Right to Remedy by Competent Tribunal

  Freedom from Arbitrary Arrest and Exile

  Right to Fair Public Hearing

  Right to be Considered Innocent until Proven Guilty

  Right to Free Movement in and out of the Country

  Right to Asylum in other Countries from Persecution

  Right to a Nationality and the Freedom to Change It

  Right to Marriage and Family

  Right to Own Property

  Freedom of Belief and Religion

  Freedom of Opinion and Information

  Right of Peaceful Assembly and Association

  Right to Participate in Government and in Free Elections

  Right to Social Security

  Right to Desirable Work and to Join Trade Unions

  Right to Rest and Leisure

  Right to Adequate Living Standard

  Right to Education

  Right to Participate in the Cultural Life of Community

  Right to a Social Order that Articulates this Document

  Community Duties Essential to Free and Full Development

  Freedom from State or Personal Interference in the above Rights

  Freedom from Interference with Privacy, Family, Home and Correspondence

  1. Civil Rights

“Civil rights” are the rights of individuals to receive equal treatment (and to be free from unfair treatment or “discrimination”) in a number of settings — including education, employment, housing, and more — and based on certain legally-protected characteristics.
Historically, the “Civil Rights Movement” referred to efforts toward achieving true equality for African-Americans in all facets of society, but today the term “civil rights” is also used to describe the advancement of equality for all people regardless of race, sex, age, disability, national origin, religion, or certain other characteristics.

Where Do Civil Rights Come From?

Most laws guaranteeing and regulating civil rights originate at the federal level, either through federal legislation, or through federal court decisions (such as those handed down by the U.S. Supreme Court). States also pass their own civil rights laws (usually very similar to those at the federal level), and even municipalities like cities and counties can enact ordinances and laws related to civil rights.

“Civil Rights” vs. “Civil Liberties”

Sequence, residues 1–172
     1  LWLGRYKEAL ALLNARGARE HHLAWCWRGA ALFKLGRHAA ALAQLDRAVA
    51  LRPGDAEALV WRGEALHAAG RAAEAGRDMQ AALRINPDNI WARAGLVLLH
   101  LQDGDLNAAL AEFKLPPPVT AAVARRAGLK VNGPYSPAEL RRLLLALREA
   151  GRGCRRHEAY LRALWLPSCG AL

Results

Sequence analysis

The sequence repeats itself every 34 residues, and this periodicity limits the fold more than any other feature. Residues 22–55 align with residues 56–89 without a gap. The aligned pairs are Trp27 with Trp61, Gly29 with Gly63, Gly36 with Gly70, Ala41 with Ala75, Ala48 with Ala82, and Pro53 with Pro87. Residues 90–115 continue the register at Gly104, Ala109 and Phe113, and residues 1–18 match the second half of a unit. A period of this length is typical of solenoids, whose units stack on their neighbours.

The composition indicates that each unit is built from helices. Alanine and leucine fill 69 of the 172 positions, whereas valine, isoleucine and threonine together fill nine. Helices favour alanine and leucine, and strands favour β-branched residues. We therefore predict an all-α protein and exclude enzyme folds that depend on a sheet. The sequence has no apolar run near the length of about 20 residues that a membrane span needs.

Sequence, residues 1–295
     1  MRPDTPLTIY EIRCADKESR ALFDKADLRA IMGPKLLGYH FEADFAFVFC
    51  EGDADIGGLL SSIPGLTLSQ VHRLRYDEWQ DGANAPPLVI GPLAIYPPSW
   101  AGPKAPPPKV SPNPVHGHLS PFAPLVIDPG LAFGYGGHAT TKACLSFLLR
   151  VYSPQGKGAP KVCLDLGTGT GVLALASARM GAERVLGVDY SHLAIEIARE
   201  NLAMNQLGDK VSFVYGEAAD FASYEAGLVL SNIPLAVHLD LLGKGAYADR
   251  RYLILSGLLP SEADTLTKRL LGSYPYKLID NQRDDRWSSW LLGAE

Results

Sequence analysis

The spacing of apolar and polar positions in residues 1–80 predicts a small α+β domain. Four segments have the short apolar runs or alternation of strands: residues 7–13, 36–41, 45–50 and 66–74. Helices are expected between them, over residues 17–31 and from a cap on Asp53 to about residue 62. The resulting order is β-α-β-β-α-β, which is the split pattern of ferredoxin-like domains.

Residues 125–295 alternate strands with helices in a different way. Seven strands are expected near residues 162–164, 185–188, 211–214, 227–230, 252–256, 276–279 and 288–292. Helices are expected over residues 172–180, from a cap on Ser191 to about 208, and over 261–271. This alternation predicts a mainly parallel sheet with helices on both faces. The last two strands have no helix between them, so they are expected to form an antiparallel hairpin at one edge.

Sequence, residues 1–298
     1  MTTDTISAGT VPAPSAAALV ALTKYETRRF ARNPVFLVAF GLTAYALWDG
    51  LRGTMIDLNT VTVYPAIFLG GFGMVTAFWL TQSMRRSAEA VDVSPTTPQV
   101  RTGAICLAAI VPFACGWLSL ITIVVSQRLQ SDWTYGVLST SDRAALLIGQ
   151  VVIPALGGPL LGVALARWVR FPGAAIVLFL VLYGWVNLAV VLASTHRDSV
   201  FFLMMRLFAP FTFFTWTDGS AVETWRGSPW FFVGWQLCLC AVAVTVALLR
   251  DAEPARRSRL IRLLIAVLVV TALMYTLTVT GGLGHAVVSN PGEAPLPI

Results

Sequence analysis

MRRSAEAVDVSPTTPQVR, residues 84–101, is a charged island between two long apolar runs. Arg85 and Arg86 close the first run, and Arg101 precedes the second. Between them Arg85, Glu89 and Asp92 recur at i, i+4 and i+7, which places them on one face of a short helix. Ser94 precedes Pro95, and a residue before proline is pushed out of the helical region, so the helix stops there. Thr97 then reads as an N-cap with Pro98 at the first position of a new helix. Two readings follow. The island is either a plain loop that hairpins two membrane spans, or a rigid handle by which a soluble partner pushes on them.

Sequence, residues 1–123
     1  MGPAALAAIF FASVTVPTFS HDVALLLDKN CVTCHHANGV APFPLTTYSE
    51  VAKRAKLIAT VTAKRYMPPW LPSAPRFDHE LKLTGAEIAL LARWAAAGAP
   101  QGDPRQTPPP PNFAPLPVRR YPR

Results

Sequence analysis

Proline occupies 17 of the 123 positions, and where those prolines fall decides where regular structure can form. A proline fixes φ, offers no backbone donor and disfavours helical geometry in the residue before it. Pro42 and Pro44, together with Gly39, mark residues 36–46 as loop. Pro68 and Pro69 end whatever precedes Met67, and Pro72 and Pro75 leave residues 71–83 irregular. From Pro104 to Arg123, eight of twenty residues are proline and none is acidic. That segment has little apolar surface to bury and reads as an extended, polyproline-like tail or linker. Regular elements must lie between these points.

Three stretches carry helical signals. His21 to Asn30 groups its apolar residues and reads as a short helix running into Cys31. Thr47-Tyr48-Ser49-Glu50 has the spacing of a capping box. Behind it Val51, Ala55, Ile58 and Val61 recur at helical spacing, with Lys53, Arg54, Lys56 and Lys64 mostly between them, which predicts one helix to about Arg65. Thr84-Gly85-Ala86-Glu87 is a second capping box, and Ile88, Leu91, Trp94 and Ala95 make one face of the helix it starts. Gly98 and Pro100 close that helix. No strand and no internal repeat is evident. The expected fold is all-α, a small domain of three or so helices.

“Civil rights” are different from “civil liberties.” Traditionally, the concept of “civil rights” has revolved around the basic right to be free from unequal treatment based on certain protected characteristics (race, gender, disability, etc.), while “civil liberties” are more broad-based rights and freedoms that are guaranteed at the federal level by the Constitution and other federal law.

Civil Rights : Getting a Lawyer’s Help

If you believe you have suffered a civil rights violation, the best place to start is to speak with an experienced Civil Rights Attorney. Important decisions related to your case can be complicated — including which laws apply to your situation, and who is responsible for any harm you suffered. A Civil Rights Attorney will evaluate all aspects of your case and explain all options available to you, in order to ensure the best possible outcome for your case.

  • Consumer Rights

The Consumer Protection Act guarantees the following six Consumers Rights:

  Right to Safety:The right to be protected against the marketing of goods and services, which are hazardous to life and property.

  Right to be informed:The right to be informed about thequality, quantity, potency, purity, standard and price of goods or services, as the case may be so as to protect the consumer against unfair trade practices.

  Right to Choose:The right to be assured, wherever possible, access to a variety of goods and services at competitive prices.

  Right to be heard: The right to be heard and to be assured that consumer’s interests will receive due consideration at appropriate fora.

  Right to Redressal:The right to seek redressal against unfair trade practices or restrictive trade practices or unscrupulous exploitation of consumers.

  Right to Consumer Education

The consumer rights protection in india